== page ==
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There is a buzz in financial circles about Crowdfunding. What is it really? Is it an easy way to raise money for a venture? Is it only for internet geeks? Is it real?


A games software training company wanted to raise $10,000 to develop a training course in a market that was untapped. Their offering was a download of the online course at a substantial discount. They spent several weeks producing an appealing video and making anyone they knew and their target market aware of their funding requirements. For a month they spent a lot of time on social media promoting the offering, which resulted in raising over $100K. With those funds they developed further courses.

What is Crowdfunding?

The term Crowdfunding is sometimes used to include Peer to Peer (P2P) lending and sometimes excludes it. In this article we shall keep them separate.

P2P lending (2015 global market $25bn) is where the investor decides on the amount that they wish to invest and place it with a selection of companies selected by a broker. The loan repayments are made by the companies who take out the loan.

Crowdfunding (2015 global market $9bn)has a different emphasis. The company requiring the finance decides what it will offer. This may be in the form of advanced sales, other rewards, revenue share, equity in the company or a mixture of these. Charities also use the platforms to raise money for special projects.

Investors retain their funds until they decide an investment opportunity looks appealing. Having pledged the money, some sites require achievement of a funding target before investments are taken, whilst others allow whatever funds have been raised to be taken when the funding period closes, whatever level they have achieved.

There are many web-sites used for Crowdfunding, each making slightly different offerings and targeting different markets.


An aspiring singer wanted to publish her first album. Being a student she did not have the funds to pay the production costs for downloads and CD distribution. She offered a number of products – singing a track down the phone, signed copies of the CD and a 1 hour concert to raise the £1,500. She raised just over that amount and has released her first album.

How successful is Crowdfunding?

In 2015 between 15% and 30% of offerings listed on Crowdfunding websites realised their fundraising goals. The average number of backers ranged between 20 and 100 depending on the web-site, with average pledges of around $100 and the majority of successful campaigns are for less than $10,000.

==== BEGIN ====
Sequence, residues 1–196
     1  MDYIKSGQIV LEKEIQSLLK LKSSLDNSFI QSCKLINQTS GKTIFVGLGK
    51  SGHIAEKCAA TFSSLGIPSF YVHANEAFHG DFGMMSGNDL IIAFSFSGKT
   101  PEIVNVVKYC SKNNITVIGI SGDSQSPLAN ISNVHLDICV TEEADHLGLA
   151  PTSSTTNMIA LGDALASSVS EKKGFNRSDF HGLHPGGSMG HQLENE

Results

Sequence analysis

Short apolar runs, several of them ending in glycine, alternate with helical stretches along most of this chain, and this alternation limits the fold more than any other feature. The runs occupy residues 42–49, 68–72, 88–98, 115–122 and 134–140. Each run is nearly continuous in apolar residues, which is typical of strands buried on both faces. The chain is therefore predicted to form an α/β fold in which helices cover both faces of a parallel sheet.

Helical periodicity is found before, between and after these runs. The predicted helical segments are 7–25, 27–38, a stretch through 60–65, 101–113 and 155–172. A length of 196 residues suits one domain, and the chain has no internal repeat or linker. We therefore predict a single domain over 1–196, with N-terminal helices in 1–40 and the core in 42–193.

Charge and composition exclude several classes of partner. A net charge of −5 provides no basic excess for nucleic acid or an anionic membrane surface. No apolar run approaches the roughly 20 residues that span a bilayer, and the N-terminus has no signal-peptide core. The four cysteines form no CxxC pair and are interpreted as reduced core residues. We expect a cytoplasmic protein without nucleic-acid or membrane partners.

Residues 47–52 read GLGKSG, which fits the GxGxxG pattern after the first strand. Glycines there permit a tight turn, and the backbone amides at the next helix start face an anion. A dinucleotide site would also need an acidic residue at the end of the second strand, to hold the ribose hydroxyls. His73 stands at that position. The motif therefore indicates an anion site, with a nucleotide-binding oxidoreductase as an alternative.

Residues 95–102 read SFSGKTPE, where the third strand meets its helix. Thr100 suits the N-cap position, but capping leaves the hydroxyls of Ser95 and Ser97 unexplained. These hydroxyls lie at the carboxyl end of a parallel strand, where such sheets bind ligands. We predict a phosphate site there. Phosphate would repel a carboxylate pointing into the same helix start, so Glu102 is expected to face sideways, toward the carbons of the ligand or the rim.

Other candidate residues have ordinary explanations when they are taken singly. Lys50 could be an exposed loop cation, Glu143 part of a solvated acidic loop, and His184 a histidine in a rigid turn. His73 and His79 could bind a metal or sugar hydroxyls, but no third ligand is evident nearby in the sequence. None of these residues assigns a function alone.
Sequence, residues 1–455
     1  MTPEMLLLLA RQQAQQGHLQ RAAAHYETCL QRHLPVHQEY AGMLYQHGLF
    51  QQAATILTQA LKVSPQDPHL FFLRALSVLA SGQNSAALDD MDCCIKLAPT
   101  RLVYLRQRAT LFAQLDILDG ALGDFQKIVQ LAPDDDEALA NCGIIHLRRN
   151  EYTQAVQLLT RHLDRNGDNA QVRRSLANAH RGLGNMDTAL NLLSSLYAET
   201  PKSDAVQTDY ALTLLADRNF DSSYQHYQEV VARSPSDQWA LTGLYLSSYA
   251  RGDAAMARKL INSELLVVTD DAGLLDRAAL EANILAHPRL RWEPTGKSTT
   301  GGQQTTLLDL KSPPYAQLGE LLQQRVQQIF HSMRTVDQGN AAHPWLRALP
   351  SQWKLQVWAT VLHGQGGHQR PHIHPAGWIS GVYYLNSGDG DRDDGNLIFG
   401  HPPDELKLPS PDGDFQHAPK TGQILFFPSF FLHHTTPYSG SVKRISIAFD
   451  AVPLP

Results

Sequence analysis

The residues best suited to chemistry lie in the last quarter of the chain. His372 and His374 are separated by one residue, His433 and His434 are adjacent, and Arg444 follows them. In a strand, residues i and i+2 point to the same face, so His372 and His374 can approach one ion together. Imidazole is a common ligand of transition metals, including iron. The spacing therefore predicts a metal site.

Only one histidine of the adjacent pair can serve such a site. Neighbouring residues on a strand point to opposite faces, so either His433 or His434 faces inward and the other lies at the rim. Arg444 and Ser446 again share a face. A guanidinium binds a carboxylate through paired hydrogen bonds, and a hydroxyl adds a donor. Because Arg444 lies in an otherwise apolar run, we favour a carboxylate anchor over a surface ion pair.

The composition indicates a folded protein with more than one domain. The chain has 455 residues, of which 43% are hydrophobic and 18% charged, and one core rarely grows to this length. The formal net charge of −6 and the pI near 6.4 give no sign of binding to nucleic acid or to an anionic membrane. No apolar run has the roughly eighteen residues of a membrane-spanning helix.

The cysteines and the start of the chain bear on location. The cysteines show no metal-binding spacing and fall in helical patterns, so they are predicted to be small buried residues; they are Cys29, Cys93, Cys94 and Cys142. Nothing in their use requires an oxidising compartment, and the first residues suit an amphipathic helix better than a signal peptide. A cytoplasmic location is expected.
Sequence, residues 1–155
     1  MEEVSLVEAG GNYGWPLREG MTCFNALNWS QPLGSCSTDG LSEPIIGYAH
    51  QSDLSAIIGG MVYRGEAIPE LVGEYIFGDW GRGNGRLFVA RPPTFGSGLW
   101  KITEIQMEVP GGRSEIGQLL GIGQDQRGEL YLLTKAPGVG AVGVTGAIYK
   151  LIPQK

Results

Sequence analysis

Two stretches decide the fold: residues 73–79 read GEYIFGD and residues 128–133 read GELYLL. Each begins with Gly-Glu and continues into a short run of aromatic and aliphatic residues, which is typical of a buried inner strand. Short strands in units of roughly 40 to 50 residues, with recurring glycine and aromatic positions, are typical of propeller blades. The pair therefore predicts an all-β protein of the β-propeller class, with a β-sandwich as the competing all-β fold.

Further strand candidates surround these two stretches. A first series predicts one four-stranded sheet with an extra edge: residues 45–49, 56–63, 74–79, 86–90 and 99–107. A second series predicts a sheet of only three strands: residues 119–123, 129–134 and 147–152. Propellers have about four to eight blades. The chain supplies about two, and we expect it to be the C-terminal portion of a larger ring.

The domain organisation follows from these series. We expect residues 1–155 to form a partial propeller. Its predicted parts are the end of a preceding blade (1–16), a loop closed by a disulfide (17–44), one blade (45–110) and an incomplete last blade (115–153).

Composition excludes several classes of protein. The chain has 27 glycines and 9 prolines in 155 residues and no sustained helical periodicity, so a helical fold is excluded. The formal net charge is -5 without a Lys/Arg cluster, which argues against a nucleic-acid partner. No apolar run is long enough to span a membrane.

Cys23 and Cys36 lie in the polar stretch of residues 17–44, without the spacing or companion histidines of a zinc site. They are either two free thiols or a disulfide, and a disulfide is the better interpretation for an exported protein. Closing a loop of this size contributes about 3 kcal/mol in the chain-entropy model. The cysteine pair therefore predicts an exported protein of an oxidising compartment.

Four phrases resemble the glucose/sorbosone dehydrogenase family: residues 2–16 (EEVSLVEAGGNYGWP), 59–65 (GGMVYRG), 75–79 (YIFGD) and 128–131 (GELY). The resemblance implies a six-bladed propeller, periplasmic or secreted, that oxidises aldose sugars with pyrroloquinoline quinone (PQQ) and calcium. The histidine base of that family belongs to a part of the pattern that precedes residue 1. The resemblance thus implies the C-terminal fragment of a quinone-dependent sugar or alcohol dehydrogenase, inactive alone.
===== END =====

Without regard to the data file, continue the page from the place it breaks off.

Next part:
It could be that the market is young; the barriers to making a pitch are low; the offerings are of low quality; marketing strategies for raising investment are poor or it could be that there are too many requests for funds and not enough investors. A critical analysis will be required for a useful analysis.

However, in a more recent report by a company offering services in this market, it is claimed that over 50% of the equity crowd-funding campaigns were successful, raising on average £1.25m.

In running a Crowdfunding campaign it is essential to understand the dynamics and psychology in the market. Initial backers are key to success as many investors like the reassurance of others having already invested. Typically, at least 10% of the amount should be pledged to start others taking an interest. This level is usually driven by personal contacts. In the rest of the campaign period active continuous marketing is essential.

Who Raises Money in Crowdfunding?

Headline grabbing deals in the music industry - the Arctic Monkeys, Sting, Marillion, Amanda Palmer….the list goes on…. were a great boost to Crowdfunding, being used as a means of pre-selling albums. However, based on equity deals, the biggest market remains Information Technology, followed by Industrials and Business/Professional Services. Media, Retail, Leisure and Entertainment are about half the size.


Running a Crowdfunding Campaign

Raising any type of finance is time-consuming and for most companies, unsuccessful. Having decided to raise finance and selecting Crowdfunding as the means it is essential to do homework. There are many blogs on the internet offering advice and snippets of information on what you should and should not do. There is little value in repeating them here. Instead, there are a number of points that you really should consider:

  1. How much cash is needed and for what period?
  2. How much time do you have to dedicate to fund-raising?
  3. Is crowdfunding the only route, or should you be looking at other sources?
  4. What are you offering in return for the investment?
  5. Which is the most suitable platform?
  6. Can you obtain a realistic proportion of the funds quickly through personal contacts?
  7. Do you understand the marketing required?


The Future of Crowdfunding

Many industry reports expect the Crowdfunding platforms to consolidate and the market to grow substantially. A degree of regulation will be required, which will increase costs. Crowdfunding is eating into the market used by Angel Investors, but this may lead to a consolidation in the market where Angel investors with particular interests who invest a substantially larger amount can sit alongside those making much smaller investments.


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